WOW are J-reps even better than X-reps?


It's something like this. You do the hardest 1/3rd of the rep (ie top third of a side lateral) with slow and controlled movement (2/2 rep cadence) till failure. THen you rest for 2-3 seconds and sometimes up to 10 seconds depending, then you do the second hardest 1/3rd of the rep, usually the middle part, then you rest again and finish with the easy or bottom 1/3. That's one set.

Plus you are constantly mixing it up. Drop sets, heavy, light, supersets etc. No two weeks are the same. I tried it with 3 sets of side laterals and my shoulders have never felt such 'deep fiber stimulation' LOL. Seriously though, the felt it.


J-Reps? Pehleeeze...gimme a break!

This is a far better method for you:





JReps, while superior to INNO-Sport, doesn't hold a candle to the SHIT System.


The 'faulty' description of this training method is only the tip of the iceberg, of its purpose and direction. The concept is to train within zones and to milk each inch of the range of motion, so that full localized fatigue is experienced, which produces a far superior pump and muscle growth.

As important is the manner in which you move, the time spent in each zone and the control and timing of the reps, and how this coordinates with breathing.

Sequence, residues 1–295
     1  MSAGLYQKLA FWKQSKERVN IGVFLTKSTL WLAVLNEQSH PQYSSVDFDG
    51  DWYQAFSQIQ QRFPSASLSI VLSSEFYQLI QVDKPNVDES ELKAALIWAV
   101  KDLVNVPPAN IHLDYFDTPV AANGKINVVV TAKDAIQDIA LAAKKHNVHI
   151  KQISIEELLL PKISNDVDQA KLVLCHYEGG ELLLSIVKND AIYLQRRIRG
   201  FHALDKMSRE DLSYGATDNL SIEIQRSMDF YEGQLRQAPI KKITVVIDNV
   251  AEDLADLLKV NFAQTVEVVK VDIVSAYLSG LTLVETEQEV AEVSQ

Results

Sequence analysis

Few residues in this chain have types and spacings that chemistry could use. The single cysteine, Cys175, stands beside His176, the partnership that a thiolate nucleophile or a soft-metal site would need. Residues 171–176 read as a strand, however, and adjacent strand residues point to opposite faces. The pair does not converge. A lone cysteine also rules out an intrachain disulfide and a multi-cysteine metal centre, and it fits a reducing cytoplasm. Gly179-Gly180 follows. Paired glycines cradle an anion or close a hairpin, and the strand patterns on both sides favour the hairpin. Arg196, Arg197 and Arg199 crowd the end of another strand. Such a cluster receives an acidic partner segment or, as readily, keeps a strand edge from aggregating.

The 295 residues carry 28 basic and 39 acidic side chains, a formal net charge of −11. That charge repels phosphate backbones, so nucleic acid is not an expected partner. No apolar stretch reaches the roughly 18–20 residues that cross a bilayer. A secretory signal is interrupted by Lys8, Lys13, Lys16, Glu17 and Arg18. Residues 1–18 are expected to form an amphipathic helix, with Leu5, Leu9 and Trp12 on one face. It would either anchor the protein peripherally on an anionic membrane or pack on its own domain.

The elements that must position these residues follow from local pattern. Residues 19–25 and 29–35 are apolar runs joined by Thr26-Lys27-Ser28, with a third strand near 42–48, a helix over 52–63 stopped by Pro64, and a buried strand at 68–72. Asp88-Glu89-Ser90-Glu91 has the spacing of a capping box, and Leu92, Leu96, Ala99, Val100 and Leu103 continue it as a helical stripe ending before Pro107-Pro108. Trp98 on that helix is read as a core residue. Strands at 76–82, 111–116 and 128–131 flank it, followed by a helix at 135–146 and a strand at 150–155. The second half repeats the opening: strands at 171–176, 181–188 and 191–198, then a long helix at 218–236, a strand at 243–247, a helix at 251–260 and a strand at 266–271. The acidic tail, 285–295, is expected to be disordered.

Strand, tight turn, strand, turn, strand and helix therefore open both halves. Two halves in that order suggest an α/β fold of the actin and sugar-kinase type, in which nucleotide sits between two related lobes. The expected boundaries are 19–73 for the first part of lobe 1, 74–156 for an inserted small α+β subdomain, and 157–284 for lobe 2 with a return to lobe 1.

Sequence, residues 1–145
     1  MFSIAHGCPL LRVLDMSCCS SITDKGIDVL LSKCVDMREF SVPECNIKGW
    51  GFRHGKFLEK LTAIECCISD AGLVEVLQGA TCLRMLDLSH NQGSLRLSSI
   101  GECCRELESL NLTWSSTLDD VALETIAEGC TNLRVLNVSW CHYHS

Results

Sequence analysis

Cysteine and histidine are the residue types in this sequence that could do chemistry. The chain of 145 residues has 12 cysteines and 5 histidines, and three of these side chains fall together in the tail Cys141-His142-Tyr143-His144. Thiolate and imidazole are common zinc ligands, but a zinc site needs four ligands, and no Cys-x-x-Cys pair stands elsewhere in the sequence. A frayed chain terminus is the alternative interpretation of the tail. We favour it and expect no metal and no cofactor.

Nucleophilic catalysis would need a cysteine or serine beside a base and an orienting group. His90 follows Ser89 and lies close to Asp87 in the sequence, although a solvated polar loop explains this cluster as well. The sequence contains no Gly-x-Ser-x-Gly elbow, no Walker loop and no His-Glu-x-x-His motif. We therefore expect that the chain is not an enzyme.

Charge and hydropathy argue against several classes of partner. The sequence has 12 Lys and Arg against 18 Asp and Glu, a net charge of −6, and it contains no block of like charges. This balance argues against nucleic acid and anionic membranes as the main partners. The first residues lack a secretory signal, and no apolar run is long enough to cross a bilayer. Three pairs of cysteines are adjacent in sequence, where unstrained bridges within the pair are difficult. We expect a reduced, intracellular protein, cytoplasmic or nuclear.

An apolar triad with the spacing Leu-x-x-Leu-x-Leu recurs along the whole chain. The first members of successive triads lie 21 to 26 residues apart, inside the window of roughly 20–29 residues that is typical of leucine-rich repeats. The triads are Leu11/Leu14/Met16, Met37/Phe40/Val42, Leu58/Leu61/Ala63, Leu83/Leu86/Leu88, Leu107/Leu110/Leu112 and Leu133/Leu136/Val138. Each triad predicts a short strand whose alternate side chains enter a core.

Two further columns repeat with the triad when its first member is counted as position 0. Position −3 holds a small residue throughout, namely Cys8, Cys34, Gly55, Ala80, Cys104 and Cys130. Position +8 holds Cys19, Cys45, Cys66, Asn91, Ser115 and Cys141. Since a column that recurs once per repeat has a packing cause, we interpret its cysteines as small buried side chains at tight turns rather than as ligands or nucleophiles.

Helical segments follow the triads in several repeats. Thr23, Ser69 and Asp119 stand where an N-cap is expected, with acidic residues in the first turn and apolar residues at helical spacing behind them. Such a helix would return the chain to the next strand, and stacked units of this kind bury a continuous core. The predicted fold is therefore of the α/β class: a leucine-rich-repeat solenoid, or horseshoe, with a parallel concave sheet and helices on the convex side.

It is suggested that JRep Zone Training is nothing more than stage reps, or halves and thirds that work from the strongest to weakest, but that is not the case as the first book clearly explains (as you can do it in a reverse method, a rest-pause method, and a reverse rest-pause method.

Consider the following:

Perform 5-6 repetitions in the bottom half of the squat, followed by 5-6 in the top half of the squat; you do this without reaching fatigue, since the weight would have allowed 12-15 mini-reps per zone. Then, with a rest pause, take 20 seconds for recovery, then proceed into thirds, whereby you work the bottom, then the middle, then the top third. However, after 5-6 in each zone you also complete about 8-10 'fractals' at the top end of each zone, moving only about an inch or so while working the tension without bouncing. You would lockout for a 3-4 second rest between zones, to reduce chemical fatigue/influences.

By the time you are done this second phase, in just over a minute, there is no consideration for a second set and the pump is enormous from that one set.

Now, this method can be integrated with breakdowns, extended sets, forced overloads, etc. In other words, you can integrate different set variables within the zone training concept.

Zone training makes exercise far more effective and efficient since it can make an effective feeling exercise (when done with traditional full ROM reps) highly productive. Consider the barbell, dumbbell, or cable French press, and how lackluster the top third or half is, which no longer is the case with JReps. Its application is far more expansive than the simple example provided above, however. Take care.